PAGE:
6. CatBuilder

    CatBuilder Previous Member

    Rick, it's a bridgedeck. No puncture resistance needed. Mainly, I am wondering if the laminate will self destruct if the core is made from 2 layers of different foam, which flex at different rates.
     
  7. waikikin
    Joined: Jan 2006
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    Location: Australia

    waikikin Senior Member

    Do a test, panel against panel. Like a drop test, or maybe glass the panels face together around their perimeter & pump some water in. 2' or 600mm x 600mm is typical for a test panel. Getting a good consistant bondline between the foam layers will be important.
     
  8. CatBuilder

    CatBuilder Previous Member

    It's actually not breakage strength I'm worried about. My plans call for two layers of foam, my dagger boards are made from two layers of foam, etc... All items like this are bonded under 29" of vacuum and make a perfect join.

    It's if, over 10 years of constant flexing at sea, there will be a problem because one part of the laminate will flex more easily than the other.

    I am uploading a picture, because I'm not sure my question is clear:

    [​IMG]

    I am not concerned with the quality of or method of construction. I know how to make the panel (the foam join will be vacuum bagged, then the glass will be vacuum infused). I am concerned with the long term health of the panel if it flexes over a million cycles (as pictured flexing). Does anyone know what would happen in this case? Would the laminate destroy itself at the bog or glass bond lines due to differing foam densities or modulus?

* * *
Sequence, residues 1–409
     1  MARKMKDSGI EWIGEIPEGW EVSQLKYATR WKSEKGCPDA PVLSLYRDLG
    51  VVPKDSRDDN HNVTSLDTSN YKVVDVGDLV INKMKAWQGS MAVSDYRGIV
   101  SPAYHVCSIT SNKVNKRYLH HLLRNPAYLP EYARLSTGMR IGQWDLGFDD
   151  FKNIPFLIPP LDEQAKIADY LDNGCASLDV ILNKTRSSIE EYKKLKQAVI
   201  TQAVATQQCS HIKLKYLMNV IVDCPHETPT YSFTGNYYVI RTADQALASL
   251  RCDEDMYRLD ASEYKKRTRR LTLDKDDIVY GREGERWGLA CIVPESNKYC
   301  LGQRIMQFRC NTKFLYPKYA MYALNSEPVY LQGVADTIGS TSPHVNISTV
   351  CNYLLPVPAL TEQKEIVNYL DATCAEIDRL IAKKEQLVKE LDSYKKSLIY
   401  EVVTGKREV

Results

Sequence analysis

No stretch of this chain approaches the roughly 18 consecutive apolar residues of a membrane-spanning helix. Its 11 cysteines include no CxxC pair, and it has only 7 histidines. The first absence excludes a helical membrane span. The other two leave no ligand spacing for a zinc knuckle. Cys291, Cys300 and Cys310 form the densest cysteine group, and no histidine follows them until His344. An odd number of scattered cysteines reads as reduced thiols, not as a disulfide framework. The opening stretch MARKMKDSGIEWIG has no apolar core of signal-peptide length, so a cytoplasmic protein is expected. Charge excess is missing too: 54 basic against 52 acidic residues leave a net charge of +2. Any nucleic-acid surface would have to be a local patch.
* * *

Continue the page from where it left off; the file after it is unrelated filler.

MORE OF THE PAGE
Any designers or engineers here that can confirm what will happen to the panel? :confused:
     

    Attached Files:

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  9. Richard Woods
    Joined: Jun 2006
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    Richard Woods Woods Designs

    What do your suppliers say?? Apart from "throw away my competitors foam and buy more of mine as its better"

    More seriously, I don't think any one would commit themselves to an answer and I certainly wouldn't believe any that were made.

    The Volvo race boats are probably the most carefully designed boats around, yet look what has happened to half the fleet already.

    And we don't need to mention the Space Shuttle do we?

    Basically you are asking a question that is impossible to answer honestly, sorry

    Richard Woods of Woods Designs

    www.sailingcatamarans.com
     
  10. CatBuilder

    CatBuilder Previous Member

    Thanks, Richard.

    I know you are a good designer, but mathematically, how can this be a complete unknown?

    After a million cycles on a laminate we can predict how:

    *Various cores behave
    *Glass skins behave
    *Bond lines behave

    Isn't there a way to (mathematically) look at the internal stresses in a laminate that is comprised of all the same core vs. a laminate that is comprised of two different cores?

    I'd hate to have to research this and do all the math just to find out if it can be done.

    Maybe I need to take this question to a mechanical engineering board or materials science board? I have to assume someone, at some point has actually looked into this...

    It can't be impossible - it's a rather simple problem that I didn't want to have to do and do the math on if someone knew it off the top of their head.